Newcastle brewers compare brews, taste new ideas in USA

Picking up ideas: Newcastle beer brewer and international beer judge Lachlan MacBean is back from Nashville.
Picking up ideas: Newcastle beer brewer and international beer judge Lachlan MacBean is back from Nashville.

It’s all over, ladies and gentlemen. The 2018 World Beer Cup, aka, “the Olympics of beer”, was recently held in Nashville, Tennessee, and not one single brewer from any Newcastle or Hunter Valley brewery won a thing.

Not a jot, or even a sausage. But, that’s just because they didn’t enter any beer into the competition.

Nonetheless, a few brewers from around these parts did get the chance to represent Newcastle and their breweries as judges at the World Beer Cup competition, as well as attending the Craft Brewers Conference, which runs in conjunction with this global suds contest. Newcastle brewers Lachlan MacBean from Grainfed Brewing Co., and Shawn Sherlock from FogHorn Brewhouse, as well as Michael Capaldo, (ex-head brewer at Lovedale Brewery) spent the early days of May in Nashville to taste their way through over 8000 beers and discuss the state of craft and independent brewing around the world, all while experiencing some famous Southern hospitality, and drinking and dancing at the odd honky tonk downtown.

“In between judging, I got to see Chris Robinson play the Black Crowes’ back catalogue at the Ryman Auditorium, ate some Southern barbecue and fried chicken, and even found the time to sip on some fine Tennessee whiskey,” Macbean says.

“It’s was a great trip,” Sherlock says. “Lots of honky tonks were visited and I had some great food at Martin’s Bar-B-Que Joint. One night, I went to BB King’s Blues Club, where I saw some of the best musicians I’ve ever seen … and, I resisted the temptation to buy and wear a big hat.”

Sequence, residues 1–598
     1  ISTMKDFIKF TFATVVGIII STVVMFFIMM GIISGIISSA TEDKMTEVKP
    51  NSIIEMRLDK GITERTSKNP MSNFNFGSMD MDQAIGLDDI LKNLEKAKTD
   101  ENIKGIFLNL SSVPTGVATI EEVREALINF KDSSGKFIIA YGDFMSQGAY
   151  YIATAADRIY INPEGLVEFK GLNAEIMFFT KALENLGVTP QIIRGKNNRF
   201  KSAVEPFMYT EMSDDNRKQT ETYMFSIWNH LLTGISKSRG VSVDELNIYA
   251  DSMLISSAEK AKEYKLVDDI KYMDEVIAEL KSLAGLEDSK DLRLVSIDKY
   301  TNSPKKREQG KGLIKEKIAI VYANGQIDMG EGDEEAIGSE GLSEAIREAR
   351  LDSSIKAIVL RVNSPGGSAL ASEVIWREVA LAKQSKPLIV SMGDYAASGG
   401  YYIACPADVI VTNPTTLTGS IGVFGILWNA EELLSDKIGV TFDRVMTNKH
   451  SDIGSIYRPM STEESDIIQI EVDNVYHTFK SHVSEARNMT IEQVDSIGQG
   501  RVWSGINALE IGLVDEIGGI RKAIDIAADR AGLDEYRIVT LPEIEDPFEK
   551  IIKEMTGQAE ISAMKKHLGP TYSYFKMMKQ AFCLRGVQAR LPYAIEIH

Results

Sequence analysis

It was not all beer and skittles for our intrepid brewers ...

“I’m here as one of 295 international beer judges,” MacBean says. “The competition is tough. Across the categories, each beer is tasted blind, we make our notes and discuss the results before putting the best beers through. Unlike Australia [where every beer deserving of a medal is awarded one], only the best three beers from each category gets a medal; either gold, silver, or bronze.”

While Newcastle brewers’ own beers may not have been on the pour at the World Beer Cup, a record number of Aussie breweryies made reputable waves in Nashville, including WA’s Nail Brewing, Bentspoke from Canberra, and James Squire in Sydney, who each took home medals.

“Beers had to be bottled or canned to enter, not on draught, which meant FogHorn couldn’t enter,” Sherlock says. “This time, I attended the Craft Brewers Conference, rather than judging. Everyone I’ve met on this trip has been really interested in what we’re doing in Australia. The US scene is massive, and definitely more experienced than ours, but the gap is closing compared to a few years ago.”

Macbean agrees.

“Those that have tasted Australian beer tend to be very impressed with what we’re doing as a nation of independent brewers,” he says.

Stay tuned for more local innovations.